How to improve your budgeting skills during the pandemic
We are living in scary times. The nation is in a health crisis but also a financial crisis. With so many of us losing jobs, having hours cut, or just facing financial uncertainty, a lot of us find ourselves in a major wake-up call moment in terms of our finances.
Even if you aren't facing financial hardship right now, the realization that things can change in an instant may have you considering your family's current financial position. But for so many of us used to sticking our heads in the sand when it comes to finances, where do you even begin when it comes to budgeting?
We all know that budgeting is essential to financial success. Like anything in life, you have to have a plan when it comes to what money is coming in, how you will use it, and what your long-term goals are. Budgeting can help you reach those goals and make sure that sale at your favorite store doesn't distract you from what's really important in the long-run.
I'm not a financial expert. I'm an average, middle class teacher who hates spreadsheets and enjoys sales. However, in light of the financial crisis, I've been paying more attention to our family's budget. Here are some tools and tips that have really helped me with my budgeting.
1. Focus on savings
When you're in panic mode, it's hard to look at the long-term. You want to self soothe, which means treating yourself to quick purchases that make you feel better. But those small purchases add up.
Suze Orman is a financial expert who I really admire. Her advice has always been to have savings equal to 8 months of your current household expenses. This means that you should have enough money saved to float you through eight months of essential bills and living expenses.
It might sound overwhelming, but Suze is big on emphasizing the peace of mind that comes with saving. If you keep this big goal in mind, it will be easier to stick to your budget for small expenses and say "no" to the items you don't really need.
2. Calculate an effective budget
In order for a budget to work, you need to actually have it written out in detail. You need to allocate every dollar of income to a category. But for many, this is overwhelming. So many of us hate the idea of spreadsheets and calculations. Plus, there's the confusion that surrounds a budget. How much should you really spend on each category?
I've recently come across an amazing tool that does all of the work for you. The personal budget planner at Pigly.com helps you allocate your monthly income to various categories. It allows you to adjust those categories according to your expenses, and even gives you a low and high end cost for each category. I love that it serves as a foundation to create an effective budget.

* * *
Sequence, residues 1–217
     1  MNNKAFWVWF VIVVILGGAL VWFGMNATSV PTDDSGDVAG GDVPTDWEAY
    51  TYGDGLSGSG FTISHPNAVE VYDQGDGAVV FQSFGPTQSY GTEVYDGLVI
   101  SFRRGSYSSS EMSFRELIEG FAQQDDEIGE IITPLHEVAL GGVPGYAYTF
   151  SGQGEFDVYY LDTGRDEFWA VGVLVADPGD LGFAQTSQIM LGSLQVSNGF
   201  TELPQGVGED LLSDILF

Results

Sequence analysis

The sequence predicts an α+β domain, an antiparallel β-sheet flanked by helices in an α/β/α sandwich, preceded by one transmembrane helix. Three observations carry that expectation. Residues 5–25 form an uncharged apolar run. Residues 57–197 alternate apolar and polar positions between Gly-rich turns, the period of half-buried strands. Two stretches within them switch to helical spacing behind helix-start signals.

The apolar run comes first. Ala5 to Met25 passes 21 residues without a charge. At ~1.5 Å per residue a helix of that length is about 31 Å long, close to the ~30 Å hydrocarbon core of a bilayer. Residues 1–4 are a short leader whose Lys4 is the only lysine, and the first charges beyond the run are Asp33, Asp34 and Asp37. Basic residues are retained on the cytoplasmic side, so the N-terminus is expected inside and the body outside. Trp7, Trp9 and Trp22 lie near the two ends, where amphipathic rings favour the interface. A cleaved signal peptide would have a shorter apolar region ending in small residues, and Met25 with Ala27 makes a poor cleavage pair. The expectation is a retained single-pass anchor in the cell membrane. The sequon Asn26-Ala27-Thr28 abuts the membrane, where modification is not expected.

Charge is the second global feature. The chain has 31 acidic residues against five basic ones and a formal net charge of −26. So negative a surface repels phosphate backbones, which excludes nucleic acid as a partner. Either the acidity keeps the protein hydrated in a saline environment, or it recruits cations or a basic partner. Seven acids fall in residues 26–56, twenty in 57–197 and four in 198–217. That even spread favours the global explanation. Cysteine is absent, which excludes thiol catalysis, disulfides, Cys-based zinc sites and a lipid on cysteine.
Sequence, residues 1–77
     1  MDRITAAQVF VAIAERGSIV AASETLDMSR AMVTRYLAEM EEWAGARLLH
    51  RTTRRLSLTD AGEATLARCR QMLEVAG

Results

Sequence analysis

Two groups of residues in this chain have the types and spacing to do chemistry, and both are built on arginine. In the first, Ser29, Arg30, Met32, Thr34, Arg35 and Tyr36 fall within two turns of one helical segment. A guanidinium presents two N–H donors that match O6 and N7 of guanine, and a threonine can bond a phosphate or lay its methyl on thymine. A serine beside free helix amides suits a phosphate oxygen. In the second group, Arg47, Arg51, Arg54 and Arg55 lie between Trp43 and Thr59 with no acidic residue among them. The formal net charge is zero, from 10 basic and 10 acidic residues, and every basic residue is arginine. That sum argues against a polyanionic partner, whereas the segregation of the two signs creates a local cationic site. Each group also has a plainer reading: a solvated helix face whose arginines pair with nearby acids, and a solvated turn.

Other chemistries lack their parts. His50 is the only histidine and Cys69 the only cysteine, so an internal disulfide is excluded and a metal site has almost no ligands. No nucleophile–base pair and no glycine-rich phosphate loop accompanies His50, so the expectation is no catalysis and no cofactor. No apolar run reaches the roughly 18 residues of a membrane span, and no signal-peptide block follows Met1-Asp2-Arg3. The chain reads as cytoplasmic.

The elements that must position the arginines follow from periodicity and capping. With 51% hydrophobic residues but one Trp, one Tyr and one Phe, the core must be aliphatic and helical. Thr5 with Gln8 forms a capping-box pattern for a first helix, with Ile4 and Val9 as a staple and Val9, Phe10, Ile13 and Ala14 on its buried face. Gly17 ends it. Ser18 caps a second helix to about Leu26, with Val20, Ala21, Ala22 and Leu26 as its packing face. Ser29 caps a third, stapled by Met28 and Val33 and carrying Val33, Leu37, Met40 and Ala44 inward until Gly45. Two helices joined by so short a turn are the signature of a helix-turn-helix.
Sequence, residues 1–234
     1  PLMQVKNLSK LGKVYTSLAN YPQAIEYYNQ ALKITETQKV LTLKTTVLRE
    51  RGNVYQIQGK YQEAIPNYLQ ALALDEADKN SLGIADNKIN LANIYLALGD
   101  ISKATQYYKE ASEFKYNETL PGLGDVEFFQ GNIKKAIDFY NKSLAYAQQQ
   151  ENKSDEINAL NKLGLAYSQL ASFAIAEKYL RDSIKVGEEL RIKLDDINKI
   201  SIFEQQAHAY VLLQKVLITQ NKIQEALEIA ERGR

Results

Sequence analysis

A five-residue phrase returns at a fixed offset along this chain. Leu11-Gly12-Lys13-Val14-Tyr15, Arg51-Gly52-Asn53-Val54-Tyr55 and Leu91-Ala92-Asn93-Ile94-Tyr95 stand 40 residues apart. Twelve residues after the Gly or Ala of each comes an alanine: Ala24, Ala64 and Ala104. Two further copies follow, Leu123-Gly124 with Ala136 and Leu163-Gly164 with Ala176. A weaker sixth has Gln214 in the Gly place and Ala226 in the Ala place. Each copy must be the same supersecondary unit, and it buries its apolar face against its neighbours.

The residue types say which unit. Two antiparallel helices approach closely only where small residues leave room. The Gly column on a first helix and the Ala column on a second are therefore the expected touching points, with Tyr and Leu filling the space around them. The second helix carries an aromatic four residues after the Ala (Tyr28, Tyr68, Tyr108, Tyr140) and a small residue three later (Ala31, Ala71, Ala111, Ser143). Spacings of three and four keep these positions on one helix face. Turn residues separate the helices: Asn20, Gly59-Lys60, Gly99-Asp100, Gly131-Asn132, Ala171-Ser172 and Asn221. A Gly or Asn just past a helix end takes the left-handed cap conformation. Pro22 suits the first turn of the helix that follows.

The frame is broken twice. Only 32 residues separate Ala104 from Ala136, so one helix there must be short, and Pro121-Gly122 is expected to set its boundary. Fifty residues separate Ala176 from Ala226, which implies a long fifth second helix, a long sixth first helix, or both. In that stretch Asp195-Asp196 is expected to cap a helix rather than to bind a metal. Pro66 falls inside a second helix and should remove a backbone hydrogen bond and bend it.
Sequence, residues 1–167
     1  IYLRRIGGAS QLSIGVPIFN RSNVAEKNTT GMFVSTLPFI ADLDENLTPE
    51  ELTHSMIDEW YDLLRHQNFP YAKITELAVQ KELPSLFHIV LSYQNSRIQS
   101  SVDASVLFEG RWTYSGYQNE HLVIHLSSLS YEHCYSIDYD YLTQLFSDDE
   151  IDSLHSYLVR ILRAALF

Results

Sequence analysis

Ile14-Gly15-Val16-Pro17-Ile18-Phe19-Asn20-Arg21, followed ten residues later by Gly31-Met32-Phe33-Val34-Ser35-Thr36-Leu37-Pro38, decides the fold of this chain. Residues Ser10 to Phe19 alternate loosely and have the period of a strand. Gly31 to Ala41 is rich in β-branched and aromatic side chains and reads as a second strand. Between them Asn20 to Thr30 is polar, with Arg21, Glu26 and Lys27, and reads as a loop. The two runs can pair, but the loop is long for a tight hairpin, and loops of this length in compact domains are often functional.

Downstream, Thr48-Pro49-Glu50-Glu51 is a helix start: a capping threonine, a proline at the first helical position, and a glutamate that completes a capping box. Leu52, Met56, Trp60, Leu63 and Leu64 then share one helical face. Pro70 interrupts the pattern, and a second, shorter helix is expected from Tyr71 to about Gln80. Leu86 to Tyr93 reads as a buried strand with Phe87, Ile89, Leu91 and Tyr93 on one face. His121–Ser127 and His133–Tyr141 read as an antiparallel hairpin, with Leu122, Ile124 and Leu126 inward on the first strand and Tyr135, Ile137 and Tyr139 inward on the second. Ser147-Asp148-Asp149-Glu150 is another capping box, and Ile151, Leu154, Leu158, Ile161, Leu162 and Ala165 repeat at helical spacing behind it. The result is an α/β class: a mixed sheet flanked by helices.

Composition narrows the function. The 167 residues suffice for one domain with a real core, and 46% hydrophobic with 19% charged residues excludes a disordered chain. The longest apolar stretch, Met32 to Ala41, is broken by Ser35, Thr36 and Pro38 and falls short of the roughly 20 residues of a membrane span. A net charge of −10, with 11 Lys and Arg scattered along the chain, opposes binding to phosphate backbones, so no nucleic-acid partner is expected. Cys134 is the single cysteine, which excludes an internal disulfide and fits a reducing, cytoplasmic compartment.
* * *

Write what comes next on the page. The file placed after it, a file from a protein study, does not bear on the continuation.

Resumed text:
They also have other tools to help you decide if you can afford a car payment, how long credit card debts will take to pay off, and other useful financial tools that are free and easy to use.
3. Find Deals on Items You Love
Sticking to a budget doesn't mean you have to cancel all fun. There are ways to find cheap and inexpensive things to do with your family. Search coupon sites online for deals and sales on your favorite items. One of my favorite sites to find deals is the Krazy Coupon Lady. You can find entertainment, dining, and even household item deals and coupons that will save you money and help you achieve your budget.
4. Communicate with your family
In order for budgeting to work, you need to make sure your entire household is on board with your budget and financial goals. Have weekly finance meetings with your family to assess what is working, what isn't, and how you are doing at achieving your goals. You need to make sure that you are staying on track as a family.
My husband lost his job in the fall, and we have found that having weekly discussions about our finances and our goals has really helped us improve our finances and our relationship. There is less tension about our goals, our money, and our spending. We have learned to work as a team and move toward the common future we both want, which has been a really wonderful thing.
The financial crisis won't last forever, but if you follow these tips, you'll leave 2020 feeling better about your financial direction, your finances, and your control of your money.
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